As lawyers, of course, we always start with defining our terms. So let’s start here: what is happiness? Now you may all be getting very unhappy, asking yourselves why in the world you trusted Maroney with a microphone, wondering if perhaps lunch will be brought in. Don’t despair: you will get your diplomas shortly! In fact, this could be a very short speech. As I was preparing it, I recalled a book I had as a child, starring Snoopy and Charlie Brown, called “Happiness is a Warm Puppy.” "That’s it!" I thought. But then I recalled that some of the other advice in that book was that “happiness is a thumb and a blanket,” and “happiness is a new raincoat.” So alas, happiness does seem to be a bit more complicated.
Now, whatever happiness is, we know it is important. The founders put it right in the Declaration of Independence, declaring the “pursuit of happiness” to be at the core of our governmental structure. And happiness is experiencing a resurgence of interest. At Harvard, you can take a class on happiness. The Nobel Laureate Daniel Kahneman is heading a new commission designed to measure America’s happiness quotient. We are following the example of Bhutan, which alongside its Gross Domestic Product also calculates its Gross National Happiness. Happiness is a growth industry: but how do we know it when we see it?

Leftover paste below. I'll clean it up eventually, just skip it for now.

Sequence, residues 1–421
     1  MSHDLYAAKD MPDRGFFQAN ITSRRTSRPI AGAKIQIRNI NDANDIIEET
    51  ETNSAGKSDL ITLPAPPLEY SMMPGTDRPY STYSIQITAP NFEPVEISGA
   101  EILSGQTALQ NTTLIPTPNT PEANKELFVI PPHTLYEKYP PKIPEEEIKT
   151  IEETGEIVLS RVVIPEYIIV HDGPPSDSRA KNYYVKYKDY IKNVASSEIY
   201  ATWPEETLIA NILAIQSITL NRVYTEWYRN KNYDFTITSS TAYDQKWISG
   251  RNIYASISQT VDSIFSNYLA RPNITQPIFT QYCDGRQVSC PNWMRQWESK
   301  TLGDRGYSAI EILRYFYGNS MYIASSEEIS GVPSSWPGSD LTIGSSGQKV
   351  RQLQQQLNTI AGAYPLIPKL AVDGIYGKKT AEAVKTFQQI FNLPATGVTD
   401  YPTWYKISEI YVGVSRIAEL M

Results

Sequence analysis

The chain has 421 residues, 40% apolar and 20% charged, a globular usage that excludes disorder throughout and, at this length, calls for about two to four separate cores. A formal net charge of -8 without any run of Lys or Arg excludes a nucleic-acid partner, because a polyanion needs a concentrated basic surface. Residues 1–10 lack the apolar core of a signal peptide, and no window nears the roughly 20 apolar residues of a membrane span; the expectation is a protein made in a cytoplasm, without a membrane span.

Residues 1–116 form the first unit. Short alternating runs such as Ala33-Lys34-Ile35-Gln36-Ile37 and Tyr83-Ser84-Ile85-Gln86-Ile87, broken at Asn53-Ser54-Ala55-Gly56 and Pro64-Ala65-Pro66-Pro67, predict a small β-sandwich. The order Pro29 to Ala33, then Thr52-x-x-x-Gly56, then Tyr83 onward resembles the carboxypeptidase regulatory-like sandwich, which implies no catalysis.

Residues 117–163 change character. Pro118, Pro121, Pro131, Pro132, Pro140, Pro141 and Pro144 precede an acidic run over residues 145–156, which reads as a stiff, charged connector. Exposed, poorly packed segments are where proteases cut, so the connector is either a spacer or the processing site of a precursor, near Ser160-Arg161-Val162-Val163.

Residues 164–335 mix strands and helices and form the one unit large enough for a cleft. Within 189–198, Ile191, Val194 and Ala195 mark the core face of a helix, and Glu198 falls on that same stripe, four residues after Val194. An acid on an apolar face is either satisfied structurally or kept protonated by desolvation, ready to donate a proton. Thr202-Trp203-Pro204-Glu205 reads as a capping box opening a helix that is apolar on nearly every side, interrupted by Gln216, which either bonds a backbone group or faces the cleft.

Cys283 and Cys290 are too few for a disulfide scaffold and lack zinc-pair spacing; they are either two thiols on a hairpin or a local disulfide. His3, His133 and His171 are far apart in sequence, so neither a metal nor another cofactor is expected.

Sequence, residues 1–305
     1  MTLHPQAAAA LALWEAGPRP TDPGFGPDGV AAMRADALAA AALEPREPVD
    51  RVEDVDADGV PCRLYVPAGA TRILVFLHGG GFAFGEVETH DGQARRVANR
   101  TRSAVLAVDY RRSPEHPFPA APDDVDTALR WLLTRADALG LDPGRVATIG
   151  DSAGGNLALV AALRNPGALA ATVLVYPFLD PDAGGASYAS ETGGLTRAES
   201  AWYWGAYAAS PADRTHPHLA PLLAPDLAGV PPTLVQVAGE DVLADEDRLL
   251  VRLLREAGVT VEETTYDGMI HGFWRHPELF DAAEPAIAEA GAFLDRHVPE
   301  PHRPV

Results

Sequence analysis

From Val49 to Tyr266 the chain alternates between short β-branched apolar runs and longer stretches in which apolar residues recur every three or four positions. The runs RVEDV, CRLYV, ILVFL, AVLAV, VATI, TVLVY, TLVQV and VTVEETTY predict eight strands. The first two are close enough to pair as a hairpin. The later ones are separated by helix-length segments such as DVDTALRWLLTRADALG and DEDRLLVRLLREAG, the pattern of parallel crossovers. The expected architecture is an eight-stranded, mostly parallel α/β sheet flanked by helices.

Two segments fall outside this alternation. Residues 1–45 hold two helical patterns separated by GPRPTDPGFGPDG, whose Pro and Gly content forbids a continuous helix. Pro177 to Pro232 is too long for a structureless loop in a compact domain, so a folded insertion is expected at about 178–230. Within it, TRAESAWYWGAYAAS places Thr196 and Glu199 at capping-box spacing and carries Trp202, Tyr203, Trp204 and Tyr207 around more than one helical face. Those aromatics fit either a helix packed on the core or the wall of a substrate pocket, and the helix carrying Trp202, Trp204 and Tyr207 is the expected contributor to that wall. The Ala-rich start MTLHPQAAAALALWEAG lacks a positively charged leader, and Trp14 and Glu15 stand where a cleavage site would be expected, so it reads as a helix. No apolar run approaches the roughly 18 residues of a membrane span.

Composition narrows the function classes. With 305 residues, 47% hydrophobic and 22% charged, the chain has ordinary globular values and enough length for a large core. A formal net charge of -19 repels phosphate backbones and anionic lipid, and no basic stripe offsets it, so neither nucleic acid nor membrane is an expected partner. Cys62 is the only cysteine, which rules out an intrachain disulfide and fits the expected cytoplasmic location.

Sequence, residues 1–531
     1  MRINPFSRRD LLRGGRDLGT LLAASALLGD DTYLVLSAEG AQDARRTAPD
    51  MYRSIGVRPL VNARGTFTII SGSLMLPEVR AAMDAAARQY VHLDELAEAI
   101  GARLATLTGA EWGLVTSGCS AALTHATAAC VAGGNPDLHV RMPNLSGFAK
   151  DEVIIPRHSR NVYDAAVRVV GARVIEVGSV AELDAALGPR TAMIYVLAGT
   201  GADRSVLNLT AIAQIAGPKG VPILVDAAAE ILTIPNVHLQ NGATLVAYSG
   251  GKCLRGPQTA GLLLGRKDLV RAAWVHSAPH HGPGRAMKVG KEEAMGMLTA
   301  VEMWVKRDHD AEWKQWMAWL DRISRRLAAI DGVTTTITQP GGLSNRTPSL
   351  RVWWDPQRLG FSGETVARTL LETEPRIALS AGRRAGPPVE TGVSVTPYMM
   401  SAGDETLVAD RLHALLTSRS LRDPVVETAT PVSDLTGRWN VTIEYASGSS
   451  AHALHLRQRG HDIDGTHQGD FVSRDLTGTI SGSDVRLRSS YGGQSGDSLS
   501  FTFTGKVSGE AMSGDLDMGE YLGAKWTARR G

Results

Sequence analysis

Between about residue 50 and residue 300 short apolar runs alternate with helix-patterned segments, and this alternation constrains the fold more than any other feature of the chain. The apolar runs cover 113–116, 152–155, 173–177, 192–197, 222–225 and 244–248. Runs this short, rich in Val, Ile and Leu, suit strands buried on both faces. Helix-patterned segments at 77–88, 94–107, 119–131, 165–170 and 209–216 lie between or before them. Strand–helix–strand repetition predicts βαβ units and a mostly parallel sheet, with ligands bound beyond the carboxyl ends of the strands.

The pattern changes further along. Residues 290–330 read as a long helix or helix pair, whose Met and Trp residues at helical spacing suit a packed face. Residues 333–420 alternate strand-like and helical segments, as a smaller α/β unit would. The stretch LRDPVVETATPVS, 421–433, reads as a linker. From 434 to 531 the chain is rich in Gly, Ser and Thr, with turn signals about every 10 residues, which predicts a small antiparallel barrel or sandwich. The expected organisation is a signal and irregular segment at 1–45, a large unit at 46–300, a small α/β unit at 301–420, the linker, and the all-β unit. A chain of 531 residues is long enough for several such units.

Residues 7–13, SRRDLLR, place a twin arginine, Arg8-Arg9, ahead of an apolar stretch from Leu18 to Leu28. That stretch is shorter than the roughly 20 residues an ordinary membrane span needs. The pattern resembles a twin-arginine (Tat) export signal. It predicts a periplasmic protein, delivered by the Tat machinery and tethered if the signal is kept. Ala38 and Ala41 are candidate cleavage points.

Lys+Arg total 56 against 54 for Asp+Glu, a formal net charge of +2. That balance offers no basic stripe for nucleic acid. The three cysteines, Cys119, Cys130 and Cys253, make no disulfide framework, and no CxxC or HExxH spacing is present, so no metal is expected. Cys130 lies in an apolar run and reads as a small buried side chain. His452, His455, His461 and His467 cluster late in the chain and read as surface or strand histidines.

Kahneman suggests that there are two essential ways to measure happiness. One looks to the “experiencing self.” This entails measuring “the flow of emotional experience during daily activities.” Indeed, a group of law professors from Chicago has proposed that we shape our regulatory state around subjective well-being, as measured by hand-held devices called “hedonimeters.” On your hedonimeter, you would, when prompted at random intervals, rate your feeling of pleasure or displeasure at that moment. Then we would pick a time period, tally up your ratings, and if pleasant beats out unpleasant, we deem you “happy.”